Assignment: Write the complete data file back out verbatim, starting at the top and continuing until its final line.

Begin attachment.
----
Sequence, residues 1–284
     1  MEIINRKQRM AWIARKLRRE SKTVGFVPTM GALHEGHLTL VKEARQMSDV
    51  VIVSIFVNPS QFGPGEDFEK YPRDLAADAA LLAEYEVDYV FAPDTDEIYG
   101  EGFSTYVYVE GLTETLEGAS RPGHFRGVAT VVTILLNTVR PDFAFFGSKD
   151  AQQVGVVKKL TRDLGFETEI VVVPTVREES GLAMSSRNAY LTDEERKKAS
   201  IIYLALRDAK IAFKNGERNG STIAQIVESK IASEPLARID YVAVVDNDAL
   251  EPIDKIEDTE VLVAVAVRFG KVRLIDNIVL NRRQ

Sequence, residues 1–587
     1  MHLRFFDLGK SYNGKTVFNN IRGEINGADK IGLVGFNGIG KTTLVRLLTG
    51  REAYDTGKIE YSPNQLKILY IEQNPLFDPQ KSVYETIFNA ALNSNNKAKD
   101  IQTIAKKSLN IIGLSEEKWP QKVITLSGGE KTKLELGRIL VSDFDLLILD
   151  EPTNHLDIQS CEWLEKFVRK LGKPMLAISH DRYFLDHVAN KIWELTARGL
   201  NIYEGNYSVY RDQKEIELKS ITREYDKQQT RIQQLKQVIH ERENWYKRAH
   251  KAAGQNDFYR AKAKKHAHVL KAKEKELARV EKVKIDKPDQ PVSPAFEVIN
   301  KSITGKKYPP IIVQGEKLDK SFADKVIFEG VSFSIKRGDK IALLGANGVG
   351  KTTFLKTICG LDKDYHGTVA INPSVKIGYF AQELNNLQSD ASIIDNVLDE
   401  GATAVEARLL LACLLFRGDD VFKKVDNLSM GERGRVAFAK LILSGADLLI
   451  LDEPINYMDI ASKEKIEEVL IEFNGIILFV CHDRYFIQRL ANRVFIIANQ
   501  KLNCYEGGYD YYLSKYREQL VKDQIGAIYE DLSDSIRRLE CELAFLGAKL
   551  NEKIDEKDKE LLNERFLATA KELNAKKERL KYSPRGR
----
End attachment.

Sequence, residues 1–284
     1  MEIINRKQRM AWIARKLRRE SKTVGFVPTM GALHEGHLTL VKEARQMSDV
    51  VIVSIFVNPS QFGPGEDFEK YPRDLAADAA LLAEYEVDYV FAPDTDEIYG
   101  EGFSTYVYVE GLTETLEGAS RPGHFRGVAT VVTILLNTVR PDFAFFGSKD
   151  AQQVGVVKKL TRDLGFETEI VVVPTVREES GLAMSSRNAY LTDEERKKAS
   201  IIYLALRDAK IAFKNGERNG STIAQIVESK IASEPLARID YVAVVDNDAL
   251  EPIDKIEDTE VLVAVAVRFG KVRLIDNIVL NRRQ

Sequence, residues 1–587
     1  MHLRFFDLGK SYNGKTVFNN IRGEINGADK IGLVGFNGIG KTTLVRLLTG
    51  REAYDTGKIE YSPNQLKILY IEQNPLFDPQ KSVYETIFNA ALNSNNKAKD
   101  IQTIAKKSLN IIGLSEEKWP QKVITLSGGE KTKLELGRIL VSDFDLLILD
   151  EPTNHLDIQS CEWLEKFVRK LGKPMLAISH DRYFLDHVAN KIWELTARGL
   201  NIYEGNYSVY RDQKEIELKS ITREYDKQQT RIQQLKQVIH ERENWYKRAH
   251  KAAGQNDFYR AKAKKHAHVL KAKEKELARV EKVKIDKPDQ PVSPAFEVIN
   301  KSITGKKYPP IIVQGEKLDK SFADKVIFEG VSFSIKRGDK IALLGANGVG
   351  KTTFLKTICG LDKDYHGTVA INPSVKIGYF AQELNNLQSD ASIIDNVLDE
   401  GATAVEARLL LACLLFRGDD VFKKVDNLSM GERGRVAFAK LILSGADLLI
   451  LDEPINYMDI ASKEKIEEVL IEFNGIILFV CHDRYFIQRL ANRVFIIANQ
   501  KLNCYEGGYD YYLSKYREQL VKDQIGAIYE DLSDSIRRLE CELAFLGAKL
   551  NEKIDEKDKE LLNERFLATA KELNAKKERL KYSPRGR